BLOOMINGTON, Ind. — One week after learning that the police chief with the Indiana University Police Department was let go from her position, Indiana University released a statement that said the former police chief was incorrect in her assessment that two IUPD officers committed no wrongdoing during the arrest of a graduate student stemming from a parking fine in September 2022. 

In the statement, released on Wednesday, the university said the individuals from IUPD who were involved in the incident “received disciplinary action” in relation to the incident, which led to a federal lawsuit in the United States District Court for the Southern District of Indiana Indianapolis division.

The university reported on Sept. 8 that Jill Lees was let go from her position as the police chief last week. At the time, Brad Seifers was listed as the interim division chief and the university did not provide further comment.

According to previous reports, a graduate student with the university filed a lawsuit earlier this year against the university and two IUPD officers after an incident surrounding a parking fee. According to documents filed on Sept. 5 in Indianapolis federal court, the parties in the lawsuit reached a settlement in the matter.

What happened?

The complaint said the plaintiff parked in a lot near the university’s Student Recreational Sports Center to work out, left the center and drove towards the pay booth. The complaint read the student only had cash to pay for parking but the attendant would only allow card payments. The attendant said he could charge the student’s bursar bill instead, with a $10 fee attached to it.

The complaint said the attendant opened the gate so the student could pull out of the way of the traffic flow. The student drove home, assuming the bill would be charged. Officials said the attendant, and another university employee, called the police.

Two officers showed up at the student’s home. The complaint said the student could not hear the two officers, because he was in the shower. The two officers went into their cars to leave, but one of the officers saw an individual who “looked like” the student exit the building. The officers asked the student for his name, as well as his birthday, to make sure they were talking to the correct student.

In the conversation, officers asked the student if they knew what this was about, in which he replied that he did not. The officers asked the student to sit on the curb, but the student said he “would continue to talk to (them) but that he did not think he needed to sit down on the curb.”

The complaint said that the officers were “becoming more and more angry.” After the student asked the officers why they were there, the complaint said that one of the officers approached the student and “grabbed and twisted his arm.”

The officers then knocked the student “off balance and into a car and put handcuffs on him.” The student was then taken to jail. The complaint said the student was initially charged criminally but not with anything related to the parking fee. The student’s criminal charges were later dismissed.

The lawsuit included claims of unreasonable search and seizure, excessive force, false arrest, due process violation, battery, assault and negligence against the officers, the university and the university’s board of regents.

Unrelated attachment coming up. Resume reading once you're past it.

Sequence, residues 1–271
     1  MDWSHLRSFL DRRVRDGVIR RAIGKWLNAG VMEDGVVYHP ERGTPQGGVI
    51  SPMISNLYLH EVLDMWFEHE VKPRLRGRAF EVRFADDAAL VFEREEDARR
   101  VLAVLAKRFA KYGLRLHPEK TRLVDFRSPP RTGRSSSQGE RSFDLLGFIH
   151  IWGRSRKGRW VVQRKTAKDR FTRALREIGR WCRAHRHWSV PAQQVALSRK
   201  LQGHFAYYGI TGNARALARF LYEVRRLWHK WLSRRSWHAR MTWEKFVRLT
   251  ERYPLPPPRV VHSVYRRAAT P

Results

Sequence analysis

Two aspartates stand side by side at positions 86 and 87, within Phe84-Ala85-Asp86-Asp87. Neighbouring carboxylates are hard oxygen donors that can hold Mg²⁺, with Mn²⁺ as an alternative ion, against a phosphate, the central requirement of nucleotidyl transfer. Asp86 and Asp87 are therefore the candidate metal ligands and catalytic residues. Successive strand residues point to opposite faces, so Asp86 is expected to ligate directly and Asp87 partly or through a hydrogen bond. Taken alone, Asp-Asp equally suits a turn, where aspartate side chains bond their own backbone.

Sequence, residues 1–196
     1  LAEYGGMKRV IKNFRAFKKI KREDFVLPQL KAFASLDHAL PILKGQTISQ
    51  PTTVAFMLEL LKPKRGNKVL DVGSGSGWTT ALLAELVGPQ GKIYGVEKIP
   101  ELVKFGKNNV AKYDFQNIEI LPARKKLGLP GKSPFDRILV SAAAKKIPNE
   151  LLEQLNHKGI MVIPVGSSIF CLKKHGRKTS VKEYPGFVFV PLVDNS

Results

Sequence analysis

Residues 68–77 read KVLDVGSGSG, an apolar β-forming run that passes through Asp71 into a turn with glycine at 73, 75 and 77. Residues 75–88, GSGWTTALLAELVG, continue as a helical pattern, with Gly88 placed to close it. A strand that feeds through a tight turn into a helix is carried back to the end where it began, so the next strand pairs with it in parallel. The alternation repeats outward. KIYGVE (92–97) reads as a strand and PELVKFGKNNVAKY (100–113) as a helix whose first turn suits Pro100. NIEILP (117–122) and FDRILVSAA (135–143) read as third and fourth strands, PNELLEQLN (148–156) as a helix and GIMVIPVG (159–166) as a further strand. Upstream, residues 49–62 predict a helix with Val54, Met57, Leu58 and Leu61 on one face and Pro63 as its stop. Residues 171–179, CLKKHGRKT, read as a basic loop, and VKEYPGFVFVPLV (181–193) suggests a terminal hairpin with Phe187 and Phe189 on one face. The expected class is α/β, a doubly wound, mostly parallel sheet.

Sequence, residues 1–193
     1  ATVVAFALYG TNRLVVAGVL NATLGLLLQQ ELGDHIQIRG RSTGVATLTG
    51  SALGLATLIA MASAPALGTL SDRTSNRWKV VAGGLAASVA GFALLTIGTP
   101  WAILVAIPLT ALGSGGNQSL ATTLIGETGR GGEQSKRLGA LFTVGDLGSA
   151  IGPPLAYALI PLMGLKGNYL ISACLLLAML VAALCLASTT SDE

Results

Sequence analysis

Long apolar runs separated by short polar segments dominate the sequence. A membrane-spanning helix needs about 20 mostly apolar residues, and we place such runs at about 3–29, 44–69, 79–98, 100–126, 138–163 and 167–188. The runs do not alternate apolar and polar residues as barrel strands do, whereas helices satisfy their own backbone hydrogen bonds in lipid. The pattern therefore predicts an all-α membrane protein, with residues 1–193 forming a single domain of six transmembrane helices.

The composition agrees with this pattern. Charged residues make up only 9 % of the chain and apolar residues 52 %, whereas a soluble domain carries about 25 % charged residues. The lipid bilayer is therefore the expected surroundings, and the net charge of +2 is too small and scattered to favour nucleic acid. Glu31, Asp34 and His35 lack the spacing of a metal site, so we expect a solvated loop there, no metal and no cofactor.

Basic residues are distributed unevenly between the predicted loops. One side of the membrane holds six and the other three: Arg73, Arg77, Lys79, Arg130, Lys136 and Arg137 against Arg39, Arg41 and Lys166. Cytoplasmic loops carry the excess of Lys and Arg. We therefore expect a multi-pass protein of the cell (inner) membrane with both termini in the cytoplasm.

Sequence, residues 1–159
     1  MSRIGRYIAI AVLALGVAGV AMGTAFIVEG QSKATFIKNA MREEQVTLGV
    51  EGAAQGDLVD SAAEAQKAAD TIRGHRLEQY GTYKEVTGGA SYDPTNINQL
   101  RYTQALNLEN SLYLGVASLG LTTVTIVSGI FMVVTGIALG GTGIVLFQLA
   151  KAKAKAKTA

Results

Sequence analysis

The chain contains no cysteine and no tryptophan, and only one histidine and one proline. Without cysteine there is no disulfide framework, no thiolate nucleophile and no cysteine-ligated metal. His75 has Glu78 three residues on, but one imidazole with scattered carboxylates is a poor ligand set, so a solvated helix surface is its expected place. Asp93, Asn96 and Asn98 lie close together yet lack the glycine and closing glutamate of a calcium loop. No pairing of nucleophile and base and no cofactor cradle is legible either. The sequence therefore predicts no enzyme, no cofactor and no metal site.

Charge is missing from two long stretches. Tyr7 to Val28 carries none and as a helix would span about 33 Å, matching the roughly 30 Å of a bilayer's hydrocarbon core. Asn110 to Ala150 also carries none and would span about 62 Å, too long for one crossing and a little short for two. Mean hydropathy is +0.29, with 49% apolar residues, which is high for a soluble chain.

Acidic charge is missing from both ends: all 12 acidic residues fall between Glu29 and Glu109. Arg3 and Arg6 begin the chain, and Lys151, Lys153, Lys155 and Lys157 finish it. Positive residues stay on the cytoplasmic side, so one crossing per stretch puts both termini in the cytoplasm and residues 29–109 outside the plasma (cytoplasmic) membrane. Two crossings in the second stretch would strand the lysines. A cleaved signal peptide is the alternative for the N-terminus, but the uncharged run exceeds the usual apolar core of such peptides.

How did the university respond?

According to the university statement, an initial and standard department review of the arrest was conducted in October 2022 by Lees. That initial review concluded “no wrongdoing had occurred and no subsequent action was undertaken.”

Once the university was made aware of the lawsuit, officials said in the statement the university “conducted a thorough evaluation of all associated behaviors, processes, and procedures.” A second review of the incident determined that Lees did not follow mandatory review protocols during the initial review and that IUPD policies were violated during the incident.

Officials with the university said the following actions have been taken in response to the incident:

  • All responsible parties within IUPD have received disciplinary action;
  • IU has engaged an external consultant to conduct a review of the police department in Bloomington and on every IU campus to assess policies, procedures, practices, cultural norms and leadership;
  • Enhanced training on fair and impartial policing, procedural compliance and field operations;
  • IU is implementing operational changes to university processes such as parking enforcement, to ensure reasonable responses in the future.

“IU will maintain an open dialogue and inform of any additional steps we may take to ensure that IUPD operates at the highest ethical standards aligned with IU’s core values,” the statement read. “We are deeply saddened by the behavior and actions that took place and offer our sincere apology to the individual and to our community. Indiana University holds our staff, faculty, and leadership to the highest standards of ethical conduct and integrity, including IUPD.”

What’s next?

On Sept. 7, the court ordered that because the settlement was reached, all pending motions “are all denied as moot” and other previously ordered dates in the case “are vacated.” By early October, the legal teams involved in the case are expected to file a motion to dismiss the case and submit a dismissal order for the case.

FOX59/CBS4 reached out to the attorney for the student in this matter. The attorney said that they do not have any comment at this time.

Accompanying the IU statement, the university provided a nine-hour compilation of footage from the date the incident occurred. The video can be found here.